I tried your code with Java2 and I still got nothing.  I am a win98 box with the jdk1.2 and jre 1.2.

I downloaded Sun's sound app example and it works ( but is complex and confusing ).

Here is my/your code ( how I implemented it ).  any help would be appreciated.

( all files are in the same directiory )

Thanks in advance

Steve



import java.applet.*;
import javax.swing.*;
import java.net.URL;
import java.net.MalformedURLException;
import java.applet.AudioClip;
import java.awt.*;
import java.awt.event.*;
import java.io.*;

public class SoundExp
{
    public static void main(String[] args )
    {
        AudioClip clip = null;

        try
        {
            clip = Applet.newAudioClip(   new File("gong.wav").toURL()   );
        }
        catch (MalformedURLException e)
        {
            e.printStackTrace();
        }
        // and now play it just the same way:
        clip.play();
                     

    }// end function main()


}// end class SoundExp
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LVL 7

Expert Comment

by:Sasha_Mapa
ID: 2763709
I can't explain it to you very well because I don't completely understand it myself but this has to do with threads. When you are running main, a new non daemon Thread is started and main is called from it. When you call clip.play() from main, it opens another daemon thread and plays the clip in it, the method play() returns immediately. The condition when a Java program dies is when all the non daemon threads have died, so when play() returns, the program exits killing the newly opened daemon thread that is supposed to play the clip. When you do something related to the AWT, like opening a window, another non daemon thread is started, the AWTEventDispatcher, which is responsible to call all of the event listeners whenever an even occurs over a component, as long as that thread is alive, the program will not end. Ever wondered why the following doesn't exit the program at once?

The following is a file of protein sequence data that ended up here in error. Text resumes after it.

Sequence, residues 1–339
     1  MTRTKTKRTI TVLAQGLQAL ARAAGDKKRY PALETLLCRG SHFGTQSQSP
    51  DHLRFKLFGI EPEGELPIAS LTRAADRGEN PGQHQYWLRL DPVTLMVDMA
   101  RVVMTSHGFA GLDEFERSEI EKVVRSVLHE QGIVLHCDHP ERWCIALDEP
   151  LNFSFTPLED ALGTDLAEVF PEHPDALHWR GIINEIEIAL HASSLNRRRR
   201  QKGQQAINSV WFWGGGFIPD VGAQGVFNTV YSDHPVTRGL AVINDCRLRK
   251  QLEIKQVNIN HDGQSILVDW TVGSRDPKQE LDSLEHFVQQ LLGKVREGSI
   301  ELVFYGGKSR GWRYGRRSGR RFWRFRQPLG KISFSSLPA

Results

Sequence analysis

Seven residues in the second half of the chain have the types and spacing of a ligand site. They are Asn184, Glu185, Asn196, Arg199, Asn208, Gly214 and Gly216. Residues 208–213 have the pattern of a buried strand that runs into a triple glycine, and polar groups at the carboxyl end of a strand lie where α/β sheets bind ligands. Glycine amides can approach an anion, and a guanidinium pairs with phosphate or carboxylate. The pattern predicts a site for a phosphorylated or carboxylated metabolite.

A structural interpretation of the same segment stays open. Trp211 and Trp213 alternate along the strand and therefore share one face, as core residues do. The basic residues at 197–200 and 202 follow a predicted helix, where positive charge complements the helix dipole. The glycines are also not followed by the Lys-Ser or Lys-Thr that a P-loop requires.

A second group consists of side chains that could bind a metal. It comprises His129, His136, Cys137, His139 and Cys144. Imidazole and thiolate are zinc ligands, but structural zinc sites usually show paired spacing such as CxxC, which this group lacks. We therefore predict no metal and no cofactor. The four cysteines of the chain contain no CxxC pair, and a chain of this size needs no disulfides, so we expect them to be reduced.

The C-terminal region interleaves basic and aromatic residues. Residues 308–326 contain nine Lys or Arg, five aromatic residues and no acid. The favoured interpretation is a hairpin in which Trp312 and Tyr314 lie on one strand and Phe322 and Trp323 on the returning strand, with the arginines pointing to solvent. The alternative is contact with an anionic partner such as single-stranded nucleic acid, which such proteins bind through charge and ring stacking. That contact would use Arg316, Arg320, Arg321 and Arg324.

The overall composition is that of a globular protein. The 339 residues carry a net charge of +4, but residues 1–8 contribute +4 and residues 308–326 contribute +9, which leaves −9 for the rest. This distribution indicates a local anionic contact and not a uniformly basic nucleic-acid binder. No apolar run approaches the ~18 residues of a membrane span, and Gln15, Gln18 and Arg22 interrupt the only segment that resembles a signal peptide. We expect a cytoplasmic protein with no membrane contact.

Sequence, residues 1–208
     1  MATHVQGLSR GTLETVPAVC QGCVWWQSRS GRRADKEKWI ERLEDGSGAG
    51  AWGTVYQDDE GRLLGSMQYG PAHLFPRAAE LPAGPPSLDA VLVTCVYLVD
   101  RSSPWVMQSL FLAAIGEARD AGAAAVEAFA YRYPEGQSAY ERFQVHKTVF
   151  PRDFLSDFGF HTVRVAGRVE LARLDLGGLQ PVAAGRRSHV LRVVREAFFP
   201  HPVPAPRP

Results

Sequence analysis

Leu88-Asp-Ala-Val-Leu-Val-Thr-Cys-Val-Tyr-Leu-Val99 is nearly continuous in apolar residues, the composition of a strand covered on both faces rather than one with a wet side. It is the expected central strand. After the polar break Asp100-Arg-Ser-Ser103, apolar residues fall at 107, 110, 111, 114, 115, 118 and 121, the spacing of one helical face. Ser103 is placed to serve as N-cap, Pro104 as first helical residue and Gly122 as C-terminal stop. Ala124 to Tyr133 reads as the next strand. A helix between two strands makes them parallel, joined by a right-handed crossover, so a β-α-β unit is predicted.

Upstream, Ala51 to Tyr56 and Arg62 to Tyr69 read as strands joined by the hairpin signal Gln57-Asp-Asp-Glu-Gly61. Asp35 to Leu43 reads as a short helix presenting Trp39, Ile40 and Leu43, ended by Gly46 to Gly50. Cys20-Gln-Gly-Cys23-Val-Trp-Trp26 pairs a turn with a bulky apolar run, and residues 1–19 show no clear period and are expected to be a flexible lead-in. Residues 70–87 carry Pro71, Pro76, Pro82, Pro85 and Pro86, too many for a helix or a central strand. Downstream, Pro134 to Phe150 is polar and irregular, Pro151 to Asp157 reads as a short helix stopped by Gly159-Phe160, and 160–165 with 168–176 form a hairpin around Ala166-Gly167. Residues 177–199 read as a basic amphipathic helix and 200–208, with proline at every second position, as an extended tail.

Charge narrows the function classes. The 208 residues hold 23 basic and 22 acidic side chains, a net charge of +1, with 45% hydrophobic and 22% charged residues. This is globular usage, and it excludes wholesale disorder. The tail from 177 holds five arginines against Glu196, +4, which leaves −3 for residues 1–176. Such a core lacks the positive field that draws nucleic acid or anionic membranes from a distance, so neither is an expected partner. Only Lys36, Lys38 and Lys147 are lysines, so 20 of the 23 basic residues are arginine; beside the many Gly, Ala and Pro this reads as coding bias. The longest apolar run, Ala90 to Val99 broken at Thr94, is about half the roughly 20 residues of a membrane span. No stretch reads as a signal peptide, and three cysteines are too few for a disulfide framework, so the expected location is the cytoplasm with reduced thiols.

public class MyApp{

  public static void main(String [] args){
    new Frame().show();
  }

}

Exactly for the reason I explained - when you show the Frame, the AWTEventDispatcher is run and  the application will not end until it exits.
Here is an example that does work:

import java.applet.*;
import java.awt.*;
import java.awt.event.*;
import javax.swing.*;
import java.net.*;
import java.io.*;



public class MyApp extends WindowAdapter implements ActionListener{

  static AudioClip clip;
 
  public static void main(String[] args ){
    Frame f = new Frame();
    f.reshape(50,50,500,500);
    f.addWindowListener(new MyApp());
    f.setLayout(null);
    f.show();
    Button b = new Button("Click me");
    b.addActionListener(new MyApp());
    b.reshape(50,50,60,20);
    f.add(b);
   
    try{
      clip = Applet.newAudioClip(   (new File("Gong.wav")).toURL()   );
    } catch (MalformedURLException e){
        e.printStackTrace();
      }
    // and now play it just the same way:
  }// end function main()

  public void windowClosing(WindowEvent evt){
    evt.getWindow().dispose();
    System.exit(0);
  }

  public void actionPerformed(ActionEvent evt){
    if (clip == null)
      System.out.println("clip is null");
    else{
      System.out.println("playing clip");
      clip.play();
    }
     
  }

}

Good luck, Sasha.
0
 

Author Comment

by:Steve34
ID: 2764506
Wow, it does work.  Thanks!

The only difference is that the sound playing code is embedded in a frame obj.   Interesting!

There are some hard core SUN types on the JDC forums.

I think I will bring up your points there.   I might learn something.

This is the second time since I have been programming Java that the opaque event handling threads have become unopaque in relation to my programs ( only when I've tried interesting things ).

The authors should really start talking about these things more.

Thanks again

Steve
0